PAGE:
The NFL likely won’t need to resort to having cardboard cutouts at next month’s Super Bowl to make the stands look full.
Los Angeles County at this time doesn’t expect to restrict attendance at sporting events even with COVID-19 infection rates rising in the area and around the country amid the Omicron variant outbreak.
“We are working closely with the NFL to welcome the Super Bowl to L.A. County,” the Los Angeles County Department of Public Health on Thursday told Yahoo Sports in a statement. “And while we cannot provide certainty for the future, we do not anticipate capacity limits at sporting events.”
L.A. County’s pledge not to revert to stricter early pandemic restrictions comes the day after a report that the NFL is exploring contingency sites if SoFi Stadium is unable to host the Super Bowl as scheduled. AT&T Stadium, home of the Dallas Cowboys, is one of the facilities that was contacted, WFAA reported Wednesday.
While the NFL subsequently clarified that it still plans to hold the Super Bowl in Los Angeles and that it identifies potential backup venues every year, the search for emergency options attracted more attention this year because of the disparity in how states have responded to the pandemic. California has implemented tougher COVID-19 protocols than many other states and Los Angeles County has frequently taken an even stricter stance by adding on further restrictions.
On Wednesday, California announced that it is extending its indoor mask mandate until at least Feb. 15, two days after the Super Bowl. Los Angeles County already required everyone 2 years of age and older to wear a mask at outdoor events with more than 10,000 attendees.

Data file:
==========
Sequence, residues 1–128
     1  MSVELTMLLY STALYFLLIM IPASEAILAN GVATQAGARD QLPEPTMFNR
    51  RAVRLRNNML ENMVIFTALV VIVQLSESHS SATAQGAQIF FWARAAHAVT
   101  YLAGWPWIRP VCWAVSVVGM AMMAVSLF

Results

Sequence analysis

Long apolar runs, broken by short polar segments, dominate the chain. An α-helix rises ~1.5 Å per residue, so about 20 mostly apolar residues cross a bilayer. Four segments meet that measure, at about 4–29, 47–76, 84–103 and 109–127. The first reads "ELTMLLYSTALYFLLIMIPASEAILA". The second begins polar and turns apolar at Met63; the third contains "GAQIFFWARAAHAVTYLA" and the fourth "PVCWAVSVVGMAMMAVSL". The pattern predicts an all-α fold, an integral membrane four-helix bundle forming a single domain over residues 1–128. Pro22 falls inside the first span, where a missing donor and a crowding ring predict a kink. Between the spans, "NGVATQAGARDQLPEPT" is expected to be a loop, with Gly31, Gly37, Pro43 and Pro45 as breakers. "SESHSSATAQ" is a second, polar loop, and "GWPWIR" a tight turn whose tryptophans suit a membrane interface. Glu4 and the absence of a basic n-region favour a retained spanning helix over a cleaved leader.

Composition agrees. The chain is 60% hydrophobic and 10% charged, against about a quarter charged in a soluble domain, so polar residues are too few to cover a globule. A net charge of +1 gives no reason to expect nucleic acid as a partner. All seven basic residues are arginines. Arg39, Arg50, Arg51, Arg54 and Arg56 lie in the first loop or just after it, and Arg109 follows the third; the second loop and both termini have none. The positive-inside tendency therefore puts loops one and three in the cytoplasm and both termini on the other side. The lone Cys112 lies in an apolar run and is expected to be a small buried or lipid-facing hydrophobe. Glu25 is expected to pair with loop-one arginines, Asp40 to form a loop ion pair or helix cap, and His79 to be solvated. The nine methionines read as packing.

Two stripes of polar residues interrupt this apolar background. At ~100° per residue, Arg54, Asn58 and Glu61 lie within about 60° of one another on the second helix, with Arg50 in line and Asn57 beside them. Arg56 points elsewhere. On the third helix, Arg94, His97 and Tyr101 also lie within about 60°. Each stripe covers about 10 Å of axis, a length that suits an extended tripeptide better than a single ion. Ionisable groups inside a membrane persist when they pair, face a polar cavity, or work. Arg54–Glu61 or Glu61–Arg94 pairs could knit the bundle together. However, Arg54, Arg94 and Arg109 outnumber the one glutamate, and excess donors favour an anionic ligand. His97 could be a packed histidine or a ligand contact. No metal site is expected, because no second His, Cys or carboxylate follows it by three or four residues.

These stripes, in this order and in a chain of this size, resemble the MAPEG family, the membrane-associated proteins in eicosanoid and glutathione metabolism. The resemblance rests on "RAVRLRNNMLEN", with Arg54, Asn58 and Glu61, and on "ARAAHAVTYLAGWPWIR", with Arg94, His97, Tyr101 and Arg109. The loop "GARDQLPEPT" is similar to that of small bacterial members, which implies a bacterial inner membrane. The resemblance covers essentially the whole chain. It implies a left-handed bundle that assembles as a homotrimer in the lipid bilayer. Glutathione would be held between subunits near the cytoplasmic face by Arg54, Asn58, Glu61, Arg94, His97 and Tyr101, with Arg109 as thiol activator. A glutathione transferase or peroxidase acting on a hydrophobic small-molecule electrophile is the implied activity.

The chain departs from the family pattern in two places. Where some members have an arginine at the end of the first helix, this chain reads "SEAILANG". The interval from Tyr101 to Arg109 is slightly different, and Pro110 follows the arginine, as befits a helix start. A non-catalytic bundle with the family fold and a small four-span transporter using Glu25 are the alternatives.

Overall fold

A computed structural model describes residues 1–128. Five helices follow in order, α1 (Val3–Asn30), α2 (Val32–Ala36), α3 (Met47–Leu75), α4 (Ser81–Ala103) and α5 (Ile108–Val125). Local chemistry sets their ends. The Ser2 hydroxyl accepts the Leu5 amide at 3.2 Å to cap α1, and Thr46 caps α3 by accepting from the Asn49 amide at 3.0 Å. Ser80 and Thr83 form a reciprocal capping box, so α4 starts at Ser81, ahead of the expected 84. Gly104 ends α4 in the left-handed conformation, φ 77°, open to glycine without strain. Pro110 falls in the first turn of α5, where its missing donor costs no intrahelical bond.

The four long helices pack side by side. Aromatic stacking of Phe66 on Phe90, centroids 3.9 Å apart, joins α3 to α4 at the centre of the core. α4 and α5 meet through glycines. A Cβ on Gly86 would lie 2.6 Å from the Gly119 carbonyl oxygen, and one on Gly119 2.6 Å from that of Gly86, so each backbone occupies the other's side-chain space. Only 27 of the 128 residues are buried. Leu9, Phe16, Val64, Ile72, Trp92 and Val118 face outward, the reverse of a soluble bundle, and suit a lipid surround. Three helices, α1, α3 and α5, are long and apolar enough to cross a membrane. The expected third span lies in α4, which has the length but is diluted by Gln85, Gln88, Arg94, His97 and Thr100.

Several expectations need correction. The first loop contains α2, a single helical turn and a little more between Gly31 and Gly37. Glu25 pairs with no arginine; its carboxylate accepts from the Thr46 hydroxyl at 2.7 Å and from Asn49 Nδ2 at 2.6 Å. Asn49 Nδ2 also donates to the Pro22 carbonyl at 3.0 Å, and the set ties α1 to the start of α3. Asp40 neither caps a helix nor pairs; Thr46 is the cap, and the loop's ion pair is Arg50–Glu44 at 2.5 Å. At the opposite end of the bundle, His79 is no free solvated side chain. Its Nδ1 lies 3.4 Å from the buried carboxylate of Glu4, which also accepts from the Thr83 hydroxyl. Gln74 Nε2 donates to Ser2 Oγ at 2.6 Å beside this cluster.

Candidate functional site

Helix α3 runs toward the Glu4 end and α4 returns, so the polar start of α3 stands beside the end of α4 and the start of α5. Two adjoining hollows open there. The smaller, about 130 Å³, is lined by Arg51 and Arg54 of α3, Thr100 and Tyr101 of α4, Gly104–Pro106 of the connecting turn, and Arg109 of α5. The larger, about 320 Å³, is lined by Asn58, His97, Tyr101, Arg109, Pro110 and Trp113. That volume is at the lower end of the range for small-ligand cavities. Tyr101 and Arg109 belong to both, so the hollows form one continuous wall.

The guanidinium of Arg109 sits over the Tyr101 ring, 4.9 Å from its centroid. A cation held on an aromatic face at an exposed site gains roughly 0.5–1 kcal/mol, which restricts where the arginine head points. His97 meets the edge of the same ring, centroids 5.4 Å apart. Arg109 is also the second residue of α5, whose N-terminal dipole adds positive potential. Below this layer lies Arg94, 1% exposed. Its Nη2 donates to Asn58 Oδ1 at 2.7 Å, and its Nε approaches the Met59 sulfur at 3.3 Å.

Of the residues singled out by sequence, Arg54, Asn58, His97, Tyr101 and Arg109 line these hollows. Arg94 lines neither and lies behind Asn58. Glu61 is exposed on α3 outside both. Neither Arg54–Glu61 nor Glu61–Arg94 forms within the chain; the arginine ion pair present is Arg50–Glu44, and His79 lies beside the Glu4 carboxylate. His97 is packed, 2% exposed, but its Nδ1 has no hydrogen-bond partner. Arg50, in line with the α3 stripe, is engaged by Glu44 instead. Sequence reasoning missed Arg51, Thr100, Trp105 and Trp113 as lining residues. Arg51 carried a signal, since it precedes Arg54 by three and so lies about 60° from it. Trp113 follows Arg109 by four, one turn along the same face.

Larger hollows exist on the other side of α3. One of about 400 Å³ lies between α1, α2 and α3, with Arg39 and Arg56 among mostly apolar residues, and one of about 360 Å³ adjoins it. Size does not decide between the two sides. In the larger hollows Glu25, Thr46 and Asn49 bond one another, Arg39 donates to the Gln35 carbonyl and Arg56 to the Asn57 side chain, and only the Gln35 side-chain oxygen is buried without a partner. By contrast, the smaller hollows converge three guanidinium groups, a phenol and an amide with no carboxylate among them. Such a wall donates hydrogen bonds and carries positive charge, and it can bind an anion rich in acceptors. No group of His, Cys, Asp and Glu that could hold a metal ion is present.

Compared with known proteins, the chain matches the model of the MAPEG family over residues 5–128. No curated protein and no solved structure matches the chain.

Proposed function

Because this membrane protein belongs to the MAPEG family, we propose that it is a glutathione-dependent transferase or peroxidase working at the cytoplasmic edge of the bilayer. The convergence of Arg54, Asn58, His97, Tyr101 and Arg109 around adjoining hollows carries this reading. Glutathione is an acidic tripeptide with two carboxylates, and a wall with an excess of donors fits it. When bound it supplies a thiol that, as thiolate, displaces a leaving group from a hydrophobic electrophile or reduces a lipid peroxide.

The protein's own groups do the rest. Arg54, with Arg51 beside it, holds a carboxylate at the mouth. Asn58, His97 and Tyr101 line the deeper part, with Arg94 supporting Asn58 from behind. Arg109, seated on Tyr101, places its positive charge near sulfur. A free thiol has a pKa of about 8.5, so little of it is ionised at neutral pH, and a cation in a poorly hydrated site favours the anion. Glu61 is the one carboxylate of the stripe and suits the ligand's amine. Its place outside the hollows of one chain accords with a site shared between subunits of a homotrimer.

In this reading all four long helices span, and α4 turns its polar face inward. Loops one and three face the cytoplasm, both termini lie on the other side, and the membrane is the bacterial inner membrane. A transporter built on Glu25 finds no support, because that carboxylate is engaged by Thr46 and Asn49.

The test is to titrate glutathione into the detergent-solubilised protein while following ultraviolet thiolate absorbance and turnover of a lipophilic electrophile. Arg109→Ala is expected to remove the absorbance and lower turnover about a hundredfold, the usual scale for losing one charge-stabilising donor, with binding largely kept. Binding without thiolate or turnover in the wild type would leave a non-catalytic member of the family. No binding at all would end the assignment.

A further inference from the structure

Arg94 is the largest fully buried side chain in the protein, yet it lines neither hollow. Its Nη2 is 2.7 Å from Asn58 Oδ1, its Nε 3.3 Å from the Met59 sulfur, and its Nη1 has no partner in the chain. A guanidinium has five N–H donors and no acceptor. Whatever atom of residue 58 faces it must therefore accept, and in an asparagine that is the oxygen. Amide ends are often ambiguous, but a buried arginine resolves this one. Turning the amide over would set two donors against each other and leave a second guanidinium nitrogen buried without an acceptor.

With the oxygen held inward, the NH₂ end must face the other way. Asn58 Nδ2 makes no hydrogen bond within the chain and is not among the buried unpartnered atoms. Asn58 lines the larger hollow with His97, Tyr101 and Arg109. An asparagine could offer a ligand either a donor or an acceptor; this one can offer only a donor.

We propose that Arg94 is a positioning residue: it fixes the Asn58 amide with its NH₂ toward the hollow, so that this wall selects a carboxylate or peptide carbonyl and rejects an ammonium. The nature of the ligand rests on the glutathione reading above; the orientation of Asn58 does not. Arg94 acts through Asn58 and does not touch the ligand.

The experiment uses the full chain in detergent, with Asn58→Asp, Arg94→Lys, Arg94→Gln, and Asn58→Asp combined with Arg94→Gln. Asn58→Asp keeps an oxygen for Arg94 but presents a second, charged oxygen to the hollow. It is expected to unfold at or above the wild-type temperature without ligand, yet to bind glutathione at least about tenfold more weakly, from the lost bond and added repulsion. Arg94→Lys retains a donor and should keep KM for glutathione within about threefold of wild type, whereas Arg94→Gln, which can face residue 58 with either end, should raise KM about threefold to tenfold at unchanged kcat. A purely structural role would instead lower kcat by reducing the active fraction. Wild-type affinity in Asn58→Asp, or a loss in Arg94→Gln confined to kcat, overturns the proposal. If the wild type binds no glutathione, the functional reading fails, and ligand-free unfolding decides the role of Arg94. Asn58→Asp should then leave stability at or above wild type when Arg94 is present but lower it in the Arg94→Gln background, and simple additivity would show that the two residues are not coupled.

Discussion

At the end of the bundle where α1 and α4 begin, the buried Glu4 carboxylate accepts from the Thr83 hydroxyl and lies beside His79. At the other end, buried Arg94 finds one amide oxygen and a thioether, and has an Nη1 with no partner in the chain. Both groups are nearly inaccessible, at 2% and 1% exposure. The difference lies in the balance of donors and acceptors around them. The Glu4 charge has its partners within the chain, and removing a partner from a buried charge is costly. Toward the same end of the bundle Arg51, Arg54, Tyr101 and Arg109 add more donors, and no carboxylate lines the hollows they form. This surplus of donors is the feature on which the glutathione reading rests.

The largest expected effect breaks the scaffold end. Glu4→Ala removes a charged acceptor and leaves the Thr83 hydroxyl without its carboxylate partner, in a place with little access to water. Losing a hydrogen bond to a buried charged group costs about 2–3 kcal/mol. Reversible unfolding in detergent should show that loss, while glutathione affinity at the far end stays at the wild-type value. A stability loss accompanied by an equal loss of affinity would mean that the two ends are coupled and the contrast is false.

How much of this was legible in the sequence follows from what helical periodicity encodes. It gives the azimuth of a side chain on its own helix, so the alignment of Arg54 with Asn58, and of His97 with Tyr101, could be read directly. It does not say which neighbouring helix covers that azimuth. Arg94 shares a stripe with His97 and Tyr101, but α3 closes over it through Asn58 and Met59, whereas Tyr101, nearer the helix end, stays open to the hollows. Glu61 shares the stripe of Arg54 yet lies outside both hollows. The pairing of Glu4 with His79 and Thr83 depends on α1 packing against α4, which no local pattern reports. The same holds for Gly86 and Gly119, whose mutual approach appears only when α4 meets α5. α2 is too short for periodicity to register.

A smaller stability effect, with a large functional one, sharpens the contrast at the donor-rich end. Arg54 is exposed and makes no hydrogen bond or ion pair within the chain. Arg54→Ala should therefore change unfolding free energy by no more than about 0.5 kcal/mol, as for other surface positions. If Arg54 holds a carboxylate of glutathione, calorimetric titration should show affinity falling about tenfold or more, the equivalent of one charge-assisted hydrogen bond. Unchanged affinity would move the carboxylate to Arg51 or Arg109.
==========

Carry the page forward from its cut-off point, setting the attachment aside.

Although the Los Angeles Rams and Chargers have played all season at SoFi Stadium in front of capacity crowds, both teams have taken extra precautions as a result of the recent spike in infections. Since Dec. 15, fans 5 years and older must provide proof of vaccination or a negative COVID-19 test result to gain entry to the stadium.
Los Angeles last hosted a Super Bowl in 1993. The NFL awarded the Super Bowl to SoFi Stadium in 2016 before construction crews even broke ground on the glittering $5 billion venue.
Earlier this week, Yahoo Sports asked the California Department of Public Health how much worse the Omicron outbreak would have to get in order to trigger stricter COVID-19 restrictions. The CDPH did not directly respond, but in his news briefing on Wednesday, California Health and Human Services Secretary Dr. Mark Ghaly made it clear the state is committed to hosting the Super Bowl in Los Angeles.
“The Super Bowl is coming to L.A., and I think Californians are excited to see that event occur,” Ghaly said. “The work is to be sure that, as it is moving forward as planned, the mitigation strategies that create safety around that event are in place.”